Political philosophy is the study of the fundamental questions of human life generally and political life in particular. Its first basic problem concerns the profound issue of human happiness: how should I live? Is the best way of life one devoted to the satisfaction of desire, the ethical and political virtue of a Lincoln or Washington, the intellectual excellence of a Socrates, religious faith and observance, or the poetry of a Shakespeare? Its second central question is how should we live? What is justice, and what is the most just form of government?
Political philosophy explores all the central phenomena of human action and political choice in the light of its two central questions.
This site is devoted to exploring the ideas of the Great Thinkers of Political Philosophy.
According to Harvey C. Mansfield:
Political Philosophy is found in great books—those by Plato, Aristotle, Locke, Rousseau, and others of the highest rank—and in books by professors. You should spend much more time with the great authors than with the professors, and you should use the professors to help you understand the great authors; you should not allow yourself to be diverted or distracted from the great books by the professors. Why not go for the Gold?…
There is a long tradition of political philosophy dating from Socrates and consisting of a series of great books, each written to comment favorably or adversely on a contemporary or a preceding philosophy. A scholar can devote his life to this tradition or part of it, and anyone serious about political philosophy will want to acquire some knowledge of the tradition. But one does not have to go to books of political philosophy to find political philosophy. All the books of political philosophy could be lost, if one can imagine such a calamity, and yet the activity could be generated anew directly from political life. The partly rational character of politics calls for completion in political philosophy—even though it takes a great thinker, to whom we are all greatly indebted, to answer the call.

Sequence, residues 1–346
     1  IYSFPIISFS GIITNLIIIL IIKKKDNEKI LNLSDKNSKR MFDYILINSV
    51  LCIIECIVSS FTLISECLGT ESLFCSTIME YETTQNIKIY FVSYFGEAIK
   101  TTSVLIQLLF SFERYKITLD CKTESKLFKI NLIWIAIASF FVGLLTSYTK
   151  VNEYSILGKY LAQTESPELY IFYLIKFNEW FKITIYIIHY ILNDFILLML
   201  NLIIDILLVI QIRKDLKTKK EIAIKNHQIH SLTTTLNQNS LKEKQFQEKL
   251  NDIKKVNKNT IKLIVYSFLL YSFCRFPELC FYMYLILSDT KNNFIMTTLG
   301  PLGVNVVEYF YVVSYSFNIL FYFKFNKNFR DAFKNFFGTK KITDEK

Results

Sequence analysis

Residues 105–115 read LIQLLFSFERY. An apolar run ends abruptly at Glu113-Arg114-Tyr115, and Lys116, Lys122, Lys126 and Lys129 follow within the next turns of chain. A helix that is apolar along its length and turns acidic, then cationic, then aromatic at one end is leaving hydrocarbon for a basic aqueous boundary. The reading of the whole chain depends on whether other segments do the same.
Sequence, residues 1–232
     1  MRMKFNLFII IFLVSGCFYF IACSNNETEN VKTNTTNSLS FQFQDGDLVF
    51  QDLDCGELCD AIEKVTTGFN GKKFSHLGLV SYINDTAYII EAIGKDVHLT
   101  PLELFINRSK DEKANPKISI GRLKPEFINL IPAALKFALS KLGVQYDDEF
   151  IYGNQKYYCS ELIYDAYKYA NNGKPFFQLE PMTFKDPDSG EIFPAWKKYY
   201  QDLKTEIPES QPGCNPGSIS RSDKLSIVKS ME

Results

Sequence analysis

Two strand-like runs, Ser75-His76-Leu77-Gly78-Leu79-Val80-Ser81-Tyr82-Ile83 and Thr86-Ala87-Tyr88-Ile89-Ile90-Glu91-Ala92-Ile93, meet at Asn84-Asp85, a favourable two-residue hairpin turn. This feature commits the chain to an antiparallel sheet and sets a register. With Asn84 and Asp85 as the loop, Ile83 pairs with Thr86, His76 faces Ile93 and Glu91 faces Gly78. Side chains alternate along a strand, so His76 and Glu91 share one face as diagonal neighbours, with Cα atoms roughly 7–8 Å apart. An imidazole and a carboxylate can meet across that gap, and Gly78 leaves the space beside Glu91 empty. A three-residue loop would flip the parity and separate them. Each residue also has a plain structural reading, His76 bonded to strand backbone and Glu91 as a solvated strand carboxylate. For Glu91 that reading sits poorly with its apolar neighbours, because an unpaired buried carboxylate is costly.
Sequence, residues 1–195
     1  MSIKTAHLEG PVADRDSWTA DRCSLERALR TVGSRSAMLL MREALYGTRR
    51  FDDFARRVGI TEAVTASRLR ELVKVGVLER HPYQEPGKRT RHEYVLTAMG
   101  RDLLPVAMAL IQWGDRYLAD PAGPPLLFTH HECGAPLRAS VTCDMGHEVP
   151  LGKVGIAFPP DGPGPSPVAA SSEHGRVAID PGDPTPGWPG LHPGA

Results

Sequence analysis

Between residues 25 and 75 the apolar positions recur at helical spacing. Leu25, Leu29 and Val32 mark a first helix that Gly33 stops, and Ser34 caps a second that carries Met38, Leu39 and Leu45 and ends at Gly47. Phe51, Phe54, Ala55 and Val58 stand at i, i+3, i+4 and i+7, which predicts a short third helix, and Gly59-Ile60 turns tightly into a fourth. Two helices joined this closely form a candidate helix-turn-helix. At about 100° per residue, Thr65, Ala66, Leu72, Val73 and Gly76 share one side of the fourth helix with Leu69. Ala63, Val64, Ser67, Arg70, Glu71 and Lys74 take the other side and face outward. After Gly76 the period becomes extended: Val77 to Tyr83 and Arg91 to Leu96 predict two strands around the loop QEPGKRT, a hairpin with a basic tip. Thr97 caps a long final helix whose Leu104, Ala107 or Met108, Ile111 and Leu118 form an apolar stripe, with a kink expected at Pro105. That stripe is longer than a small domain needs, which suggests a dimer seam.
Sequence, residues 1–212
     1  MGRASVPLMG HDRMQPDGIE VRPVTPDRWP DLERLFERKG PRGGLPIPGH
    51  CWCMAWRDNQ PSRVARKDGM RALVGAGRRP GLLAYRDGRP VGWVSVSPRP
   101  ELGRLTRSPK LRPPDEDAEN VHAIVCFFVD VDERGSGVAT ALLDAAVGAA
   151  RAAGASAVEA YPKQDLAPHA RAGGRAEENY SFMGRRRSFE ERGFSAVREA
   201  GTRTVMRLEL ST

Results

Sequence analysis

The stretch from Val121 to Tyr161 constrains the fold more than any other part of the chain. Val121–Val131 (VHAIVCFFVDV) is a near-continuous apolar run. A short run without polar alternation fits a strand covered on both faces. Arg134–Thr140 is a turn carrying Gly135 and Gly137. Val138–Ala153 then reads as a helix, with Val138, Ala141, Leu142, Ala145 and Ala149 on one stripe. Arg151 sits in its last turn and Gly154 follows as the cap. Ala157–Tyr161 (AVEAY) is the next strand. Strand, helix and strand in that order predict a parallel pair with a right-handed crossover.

Politics always has political philosophy lying within it, waiting to emerge. So far as we know, however, it has emerged just once, with Socrates—but that event left a lasting impression. It was a “first.” I stress the connection between politics and political philosophy because such a connection is not to be found in the kind of political science that tries to ape the natural sciences. That political science, which dominates political science departments today, is a rival to political philosophy. Instead of addressing the partisan issues of citizens and politicians, it avoids them and replaces their words with scientific terms. Rather than good, just, and noble, you hear political scientists of this kind speaking of utility or preferences. These terms are meant to be neutral, abstracted from partisan dispute. Instead of serving as judge of what is good, just, or noble, such political scientists conceive themselves to be disinterested observers, as if they had no stake in the outcomes of politics. As political scientists, they believe they must suppress their opinions as citizens lest they contaminate their scientific selves. The political philosopher, however, takes a stand with Alexis de Tocqueville (1805-59), who said that while he himself was not a partisan, he undertook to see, not differently, but further than the parties.